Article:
Two roads diverged in a wood, and I-
I took the one less traveled by,
And that has made all the difference.
I have reached that point in every college student's life where decisions about one's future post-graduation must be made. I discovered, rather haphazardly, that I am on the cusp of graduation and eligible to participate in the commencement ceremonies this May. Here I thought I would be stuck in school for another semester (or two) but, because I had some concurrent enrollment credits to transfer from the community college, I don't have to take as many classes as I originally thought. In fact, if I take 12 credit hours this summer (essentially 3, maybe 4 classes), I will be done. Done. Graduated. A diploma-wielding college graduate. But here's the thing... I have to make some decisions and, unfortunately, I'm not the only person in the captain's chair. I applied for an internship with the Park Silly Sunday Market for the summer. My interview was last month and I'm supposed to find out by the end of March if I got it. Also, I would be able to take my last 3-4 classes while doing the internship. I think that I am qualified for this position and that it could lead to some pretty great things, but we'll have to see if they agree. So there's option #1.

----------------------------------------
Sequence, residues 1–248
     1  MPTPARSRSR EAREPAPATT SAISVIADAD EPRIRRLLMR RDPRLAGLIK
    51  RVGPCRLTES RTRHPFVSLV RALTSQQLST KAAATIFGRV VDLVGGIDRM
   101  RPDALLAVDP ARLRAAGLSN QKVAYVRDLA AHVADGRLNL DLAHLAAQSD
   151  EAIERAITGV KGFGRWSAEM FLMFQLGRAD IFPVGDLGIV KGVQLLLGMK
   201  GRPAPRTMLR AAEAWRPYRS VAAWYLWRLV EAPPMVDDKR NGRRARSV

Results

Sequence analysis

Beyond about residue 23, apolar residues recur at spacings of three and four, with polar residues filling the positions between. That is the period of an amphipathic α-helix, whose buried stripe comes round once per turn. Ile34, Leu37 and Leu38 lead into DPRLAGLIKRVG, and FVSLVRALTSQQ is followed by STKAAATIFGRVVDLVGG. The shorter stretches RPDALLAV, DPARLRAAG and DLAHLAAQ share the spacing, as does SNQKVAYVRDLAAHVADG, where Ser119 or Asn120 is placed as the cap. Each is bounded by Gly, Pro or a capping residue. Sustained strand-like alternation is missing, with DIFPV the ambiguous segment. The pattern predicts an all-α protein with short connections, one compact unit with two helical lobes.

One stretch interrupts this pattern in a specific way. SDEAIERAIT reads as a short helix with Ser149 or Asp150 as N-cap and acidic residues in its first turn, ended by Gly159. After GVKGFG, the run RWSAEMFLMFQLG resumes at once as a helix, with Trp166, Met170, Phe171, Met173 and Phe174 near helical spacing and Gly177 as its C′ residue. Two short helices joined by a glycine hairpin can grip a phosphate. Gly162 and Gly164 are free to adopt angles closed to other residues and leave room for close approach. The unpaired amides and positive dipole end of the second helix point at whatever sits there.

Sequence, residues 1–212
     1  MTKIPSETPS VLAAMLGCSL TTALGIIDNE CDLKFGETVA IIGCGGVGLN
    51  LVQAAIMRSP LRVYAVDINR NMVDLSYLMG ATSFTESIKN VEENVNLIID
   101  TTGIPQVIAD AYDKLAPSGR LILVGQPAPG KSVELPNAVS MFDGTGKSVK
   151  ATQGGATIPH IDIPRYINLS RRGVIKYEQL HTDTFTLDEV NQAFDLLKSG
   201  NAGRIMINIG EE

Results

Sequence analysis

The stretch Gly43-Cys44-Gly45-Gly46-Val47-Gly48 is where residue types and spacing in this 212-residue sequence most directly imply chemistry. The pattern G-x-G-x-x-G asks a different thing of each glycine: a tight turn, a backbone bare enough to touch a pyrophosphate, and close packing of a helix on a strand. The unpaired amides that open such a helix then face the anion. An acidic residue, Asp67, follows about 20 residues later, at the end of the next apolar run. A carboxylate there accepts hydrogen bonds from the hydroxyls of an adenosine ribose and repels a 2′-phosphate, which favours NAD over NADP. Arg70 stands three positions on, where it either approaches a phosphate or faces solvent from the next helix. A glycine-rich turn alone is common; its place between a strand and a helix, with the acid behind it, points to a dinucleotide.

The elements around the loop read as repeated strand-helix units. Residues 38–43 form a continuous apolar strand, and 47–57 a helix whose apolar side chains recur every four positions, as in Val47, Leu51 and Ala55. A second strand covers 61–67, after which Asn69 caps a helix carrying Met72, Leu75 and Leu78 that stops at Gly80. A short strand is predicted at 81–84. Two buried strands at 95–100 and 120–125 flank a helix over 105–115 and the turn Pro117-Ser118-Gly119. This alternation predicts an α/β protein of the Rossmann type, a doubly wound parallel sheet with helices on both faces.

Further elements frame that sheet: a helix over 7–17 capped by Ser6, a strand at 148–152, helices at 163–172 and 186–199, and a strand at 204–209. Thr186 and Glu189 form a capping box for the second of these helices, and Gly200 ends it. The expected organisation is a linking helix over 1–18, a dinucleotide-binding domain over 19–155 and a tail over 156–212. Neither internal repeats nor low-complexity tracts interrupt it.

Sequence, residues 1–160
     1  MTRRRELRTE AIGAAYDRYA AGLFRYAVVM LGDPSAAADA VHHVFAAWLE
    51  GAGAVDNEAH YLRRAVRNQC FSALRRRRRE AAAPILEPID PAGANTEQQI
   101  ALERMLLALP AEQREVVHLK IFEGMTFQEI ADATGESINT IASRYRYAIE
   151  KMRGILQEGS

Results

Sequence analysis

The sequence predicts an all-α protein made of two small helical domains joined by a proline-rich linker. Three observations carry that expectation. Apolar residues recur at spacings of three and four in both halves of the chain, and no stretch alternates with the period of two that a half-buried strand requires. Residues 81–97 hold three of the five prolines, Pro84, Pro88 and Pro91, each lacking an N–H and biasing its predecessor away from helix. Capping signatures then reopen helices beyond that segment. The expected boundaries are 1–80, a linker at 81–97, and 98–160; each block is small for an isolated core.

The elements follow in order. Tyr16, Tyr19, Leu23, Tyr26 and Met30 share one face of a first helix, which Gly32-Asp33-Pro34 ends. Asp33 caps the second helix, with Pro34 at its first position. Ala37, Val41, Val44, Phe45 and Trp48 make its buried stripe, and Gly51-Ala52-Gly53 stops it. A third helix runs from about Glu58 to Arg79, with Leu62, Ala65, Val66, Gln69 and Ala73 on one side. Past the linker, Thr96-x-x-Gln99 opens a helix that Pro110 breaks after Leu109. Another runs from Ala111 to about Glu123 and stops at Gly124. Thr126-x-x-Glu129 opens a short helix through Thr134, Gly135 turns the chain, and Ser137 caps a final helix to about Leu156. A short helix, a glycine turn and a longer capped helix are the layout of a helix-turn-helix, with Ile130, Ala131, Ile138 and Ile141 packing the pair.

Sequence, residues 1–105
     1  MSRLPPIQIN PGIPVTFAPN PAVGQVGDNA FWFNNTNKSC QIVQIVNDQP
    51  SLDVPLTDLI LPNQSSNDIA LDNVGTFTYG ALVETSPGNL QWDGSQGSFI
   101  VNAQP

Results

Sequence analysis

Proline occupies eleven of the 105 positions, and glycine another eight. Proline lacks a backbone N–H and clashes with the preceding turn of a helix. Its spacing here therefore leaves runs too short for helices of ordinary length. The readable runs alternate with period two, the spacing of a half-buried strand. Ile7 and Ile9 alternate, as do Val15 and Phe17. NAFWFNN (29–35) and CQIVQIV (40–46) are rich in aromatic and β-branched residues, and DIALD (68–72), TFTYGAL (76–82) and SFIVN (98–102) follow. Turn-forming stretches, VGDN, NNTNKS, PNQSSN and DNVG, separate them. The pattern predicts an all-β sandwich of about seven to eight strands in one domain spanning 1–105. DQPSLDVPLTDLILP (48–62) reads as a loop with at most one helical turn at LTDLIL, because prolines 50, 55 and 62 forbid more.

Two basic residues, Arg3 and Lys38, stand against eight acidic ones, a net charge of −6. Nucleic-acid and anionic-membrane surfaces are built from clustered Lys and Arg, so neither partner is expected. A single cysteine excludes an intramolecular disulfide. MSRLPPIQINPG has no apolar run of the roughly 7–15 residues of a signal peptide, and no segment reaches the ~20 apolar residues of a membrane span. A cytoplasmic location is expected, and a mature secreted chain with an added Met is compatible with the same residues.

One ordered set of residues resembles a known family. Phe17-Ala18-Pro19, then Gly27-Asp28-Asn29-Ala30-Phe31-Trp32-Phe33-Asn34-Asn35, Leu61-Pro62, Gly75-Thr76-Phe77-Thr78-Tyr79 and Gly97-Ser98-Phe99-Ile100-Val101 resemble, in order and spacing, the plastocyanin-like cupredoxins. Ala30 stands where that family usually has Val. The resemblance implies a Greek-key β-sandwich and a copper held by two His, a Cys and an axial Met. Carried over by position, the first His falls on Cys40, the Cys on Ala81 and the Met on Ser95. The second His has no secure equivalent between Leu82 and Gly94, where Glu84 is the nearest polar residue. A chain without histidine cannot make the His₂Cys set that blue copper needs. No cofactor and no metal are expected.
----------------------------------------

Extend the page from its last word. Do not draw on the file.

Option #2: I heard about an amazing opportunity to intern at the White House, as in the place where the president lives in Washington D.C., for the summer and I think it would be foolish not to apply, even if I get rejected. How does that saying go? "Better to have loved and lost than to have never loved at all." Right? Well I feel the same about this internship. If chosen, I would live and intern in D.C. from May through August and then finish those pesky 3 classes in the fall. Since Jason just started his new job and it's so short term, I would be going it alone. Talk about a test of independence. I think I can, I think I can.
Option #3: I applied for a scholarship through the Alumni Association and, if I am chosen as a recipient, it would cover the cost of tuition for a full year. So if I get the scholarship I will prolong my stay at the university another year just to avoid paying for those pesky 3 classes. And this wouldn't be so bad because I could take the classes I'm actually interested in, not just the ones required by my major.
So while I do have many decisions to make in the coming weeks, very few of them will be made by me- more like made for me. I'm rooting for option #2, but would settle for #1 or #3. And if I don't get any of them? I will finish school in the summer and find a job. Someone will want to hire me, right? Right?